Panchapakesa Ayyar, J.
1. This is a petition filed by Rama-swami Chetliar, the first defendant in O. Section No. 3 of 1956 on the file of the Subordinate Judge of Slvaganga, against the order of the learned Subordinate Judge adding the respondent, Karumuthu Sivalingam Chettiar, as a co-plaintiff in that suit. That was a suit filed by five persons against the. respondent and 30 other defendants.
It was alleged in the plaint that the ancestors of defendants l to 13 endowed considerable properties for the maintenance of an Annadana Chattram in which pilgrims to Rameswaram were-allowed to rest, and Brahmins and others, among them, allowed to feed free; that there has been mismanagement, including alienations, regarding the trust properties by defendants 1 to 13, and that defendants 14 to 31 were the alienees in respect of some of the properties.
The original plaintiffs, as persons interested in the trust and residents of the locality, where the Annadana Chattram was situated, had filed the suit after obtaining the consent of the Advocate-General under Section 92, C. P C. The respondent, Sivatingam Chettiar, applied to be added as a co-plaintiff, under Order 1, Rule 10, C. P. C..alleging that he was a prominent citizen of locality, and a man Interested in the Chattram at its proper management, and an honorary magistrate, and that he could also effectively prosecute the suit unlike the present plaintiffs who were not financially capable enough to do that.
His application was opposed by the first defendant on the ground that he was not motivated by any good idea, for the welfare of the Chattram, in getting himself added, but was motivated only by his own selfish desire to make some profit out of it, and that he was not a beneficiary under this charily, one of the persons who could be said to be interested in the Chattram under the ruling of the Bench of this court in T. R. Ramachandra Aiyar v. Parameswaran Unni, ILR 42 Mad 360: AIR 1919 Mad 384 (A).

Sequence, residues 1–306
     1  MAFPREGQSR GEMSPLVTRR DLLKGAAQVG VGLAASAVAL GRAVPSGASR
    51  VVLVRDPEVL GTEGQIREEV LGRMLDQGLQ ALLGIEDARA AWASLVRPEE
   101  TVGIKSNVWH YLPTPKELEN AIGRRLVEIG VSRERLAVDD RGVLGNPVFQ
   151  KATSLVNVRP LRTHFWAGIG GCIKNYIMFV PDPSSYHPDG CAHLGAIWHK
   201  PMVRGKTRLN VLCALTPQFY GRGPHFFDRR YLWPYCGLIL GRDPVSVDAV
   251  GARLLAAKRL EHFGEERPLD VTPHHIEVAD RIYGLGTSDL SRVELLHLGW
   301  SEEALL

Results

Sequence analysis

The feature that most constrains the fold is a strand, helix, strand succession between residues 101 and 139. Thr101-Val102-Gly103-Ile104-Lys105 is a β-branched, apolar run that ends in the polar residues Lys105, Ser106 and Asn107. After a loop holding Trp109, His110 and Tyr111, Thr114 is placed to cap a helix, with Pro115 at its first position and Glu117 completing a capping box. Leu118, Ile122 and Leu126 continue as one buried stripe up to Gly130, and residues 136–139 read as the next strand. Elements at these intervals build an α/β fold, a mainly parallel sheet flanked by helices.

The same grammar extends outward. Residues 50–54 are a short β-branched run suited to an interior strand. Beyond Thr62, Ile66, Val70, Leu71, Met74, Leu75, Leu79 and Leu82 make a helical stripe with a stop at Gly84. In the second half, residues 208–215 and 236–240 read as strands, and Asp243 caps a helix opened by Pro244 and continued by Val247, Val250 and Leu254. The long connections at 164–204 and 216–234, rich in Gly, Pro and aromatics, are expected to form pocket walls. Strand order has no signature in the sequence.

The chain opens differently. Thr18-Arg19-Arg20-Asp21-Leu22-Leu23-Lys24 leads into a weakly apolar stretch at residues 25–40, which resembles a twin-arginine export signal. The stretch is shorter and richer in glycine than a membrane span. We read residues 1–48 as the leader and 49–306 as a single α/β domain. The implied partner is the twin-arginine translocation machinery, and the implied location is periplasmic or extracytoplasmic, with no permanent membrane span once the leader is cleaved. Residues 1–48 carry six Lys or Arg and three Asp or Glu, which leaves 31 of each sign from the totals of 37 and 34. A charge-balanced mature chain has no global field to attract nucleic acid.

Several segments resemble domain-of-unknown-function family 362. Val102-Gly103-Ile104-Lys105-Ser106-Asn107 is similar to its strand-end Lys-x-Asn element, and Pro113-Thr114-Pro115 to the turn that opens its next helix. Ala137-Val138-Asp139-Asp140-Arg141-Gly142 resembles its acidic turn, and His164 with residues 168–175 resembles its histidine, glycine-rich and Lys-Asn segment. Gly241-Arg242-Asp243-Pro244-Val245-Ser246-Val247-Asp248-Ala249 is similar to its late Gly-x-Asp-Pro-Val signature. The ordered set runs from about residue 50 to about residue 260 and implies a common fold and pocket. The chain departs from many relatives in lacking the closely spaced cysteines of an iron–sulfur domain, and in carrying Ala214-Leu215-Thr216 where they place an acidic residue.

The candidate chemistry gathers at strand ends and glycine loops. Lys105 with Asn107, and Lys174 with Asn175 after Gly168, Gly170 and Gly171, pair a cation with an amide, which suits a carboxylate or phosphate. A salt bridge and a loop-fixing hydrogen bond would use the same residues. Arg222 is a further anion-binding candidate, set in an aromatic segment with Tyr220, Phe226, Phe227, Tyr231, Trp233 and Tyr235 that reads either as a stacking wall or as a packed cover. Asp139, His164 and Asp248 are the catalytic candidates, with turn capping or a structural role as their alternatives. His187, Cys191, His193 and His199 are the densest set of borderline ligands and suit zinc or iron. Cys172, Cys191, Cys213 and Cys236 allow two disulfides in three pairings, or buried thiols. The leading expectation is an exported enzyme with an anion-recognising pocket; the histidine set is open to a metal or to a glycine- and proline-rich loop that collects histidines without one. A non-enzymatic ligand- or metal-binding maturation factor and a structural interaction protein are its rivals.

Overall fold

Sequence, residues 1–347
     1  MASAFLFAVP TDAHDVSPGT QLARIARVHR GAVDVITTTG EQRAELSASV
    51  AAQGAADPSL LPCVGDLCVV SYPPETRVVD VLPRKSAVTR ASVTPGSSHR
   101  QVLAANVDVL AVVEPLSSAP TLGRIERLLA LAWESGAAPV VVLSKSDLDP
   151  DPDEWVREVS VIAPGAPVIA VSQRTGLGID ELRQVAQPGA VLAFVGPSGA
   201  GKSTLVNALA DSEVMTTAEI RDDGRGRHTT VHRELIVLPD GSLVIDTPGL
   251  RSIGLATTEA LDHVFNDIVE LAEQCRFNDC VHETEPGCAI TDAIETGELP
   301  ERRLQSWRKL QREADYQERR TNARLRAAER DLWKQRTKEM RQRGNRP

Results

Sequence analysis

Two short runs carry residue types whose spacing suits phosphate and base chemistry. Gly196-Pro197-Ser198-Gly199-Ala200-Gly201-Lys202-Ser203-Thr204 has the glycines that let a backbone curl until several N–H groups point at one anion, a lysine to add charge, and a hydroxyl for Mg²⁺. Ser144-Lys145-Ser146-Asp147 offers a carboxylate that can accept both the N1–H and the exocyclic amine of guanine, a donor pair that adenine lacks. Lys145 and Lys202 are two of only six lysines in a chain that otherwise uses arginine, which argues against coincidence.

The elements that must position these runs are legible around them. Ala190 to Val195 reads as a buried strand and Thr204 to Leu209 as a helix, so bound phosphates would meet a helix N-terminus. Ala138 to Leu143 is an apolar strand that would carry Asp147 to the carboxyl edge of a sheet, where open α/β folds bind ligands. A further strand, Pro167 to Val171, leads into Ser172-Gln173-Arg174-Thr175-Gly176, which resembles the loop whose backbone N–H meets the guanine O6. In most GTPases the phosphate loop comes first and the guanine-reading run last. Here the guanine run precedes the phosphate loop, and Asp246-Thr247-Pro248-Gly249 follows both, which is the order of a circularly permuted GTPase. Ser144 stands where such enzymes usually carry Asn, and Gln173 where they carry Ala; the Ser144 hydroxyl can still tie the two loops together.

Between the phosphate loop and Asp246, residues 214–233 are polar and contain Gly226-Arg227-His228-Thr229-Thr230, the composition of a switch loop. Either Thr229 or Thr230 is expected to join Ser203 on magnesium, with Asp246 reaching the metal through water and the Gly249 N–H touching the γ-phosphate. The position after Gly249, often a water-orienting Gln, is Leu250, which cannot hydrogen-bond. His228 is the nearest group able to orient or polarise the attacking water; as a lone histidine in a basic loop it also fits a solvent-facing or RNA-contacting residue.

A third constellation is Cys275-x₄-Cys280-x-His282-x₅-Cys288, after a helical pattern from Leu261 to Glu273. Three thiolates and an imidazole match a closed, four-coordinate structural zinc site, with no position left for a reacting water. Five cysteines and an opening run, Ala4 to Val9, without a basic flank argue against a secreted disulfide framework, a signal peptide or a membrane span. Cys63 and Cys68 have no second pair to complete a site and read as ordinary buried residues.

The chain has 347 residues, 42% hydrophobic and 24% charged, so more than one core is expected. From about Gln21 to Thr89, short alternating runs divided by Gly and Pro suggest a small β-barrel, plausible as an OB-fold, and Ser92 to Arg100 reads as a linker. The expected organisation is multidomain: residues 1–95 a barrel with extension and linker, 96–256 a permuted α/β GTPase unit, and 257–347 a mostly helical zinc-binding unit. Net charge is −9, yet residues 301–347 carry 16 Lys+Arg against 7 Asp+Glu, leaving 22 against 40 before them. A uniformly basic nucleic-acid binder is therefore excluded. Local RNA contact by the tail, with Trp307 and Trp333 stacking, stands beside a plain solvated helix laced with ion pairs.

The learned Subordinate Judge overruled thisobjection, observing that the impleading of aparty in a suit like this need not be on the soleground that he is a beneficiary under the trust,and that, even though the respondent was urgedto be not a beneficiary under this trust, he couldbe added as he was interested In the trust, as hewas a Hindu residing near the trust properties and.was an honorary magistrate and an influentialperson.
2. I have perused the records and heard the learned counsel on both sides. Mr. M. Section Venkatarama Aiyar. learned counsel for the petitioner, urged that the mere fact that the respondent was a Hindu and an honorary magistrate, and a rich and influential man of the locality, would not be sufficient for adding him as a party to the suit, and that, under the ruling in ILR 1942 Mad 360: (AIR 1919 Mad 384) (A)', the word 'interested' in Section 92, C. P. C., denotes an interest which is' substantial and not casual or sentimental, or remote, and that the mere right of a Hindu to worship in a temple would not be such interest,' unless it was shown that he was actually exercising the right of worship in the temple, and making offerings therein.
Learned counsel for the respondent urged that the respondent had actually resided in the suit Chattram on occasions, and was therefore a beneficiary, and that, even otherwise, he was residing only three miles away, and had saved the trust properties from being sold away by a decree-holder, and had got the attachment released, and was a lessee in respect of the trust tope by being the highest bidder at an auction held by a Commissioner of Court for Rs. 7000/-, and was therefore vitally interested in the trust and its proper management.
He relied on the ruling of a Bench of this Court in Gopulakrishnier v. Ganapali Iyer, 58 Ind Cas 124: AIR 1920 Mad 238 (3). where Sadasiva Aiyar and Spencer JJ., have held that a person who has devoted time and energy for placing the affairs of a Chattram on a proper footing, or otherwise for safeguarding the chattram, would be a person interested in the chattram, especially if he lives in the neighbourhood also. Mr. Venkatarama. Aiyar contended that the respondent had not saved the ehattram properties from sale by a decree-holder and got the attachment released.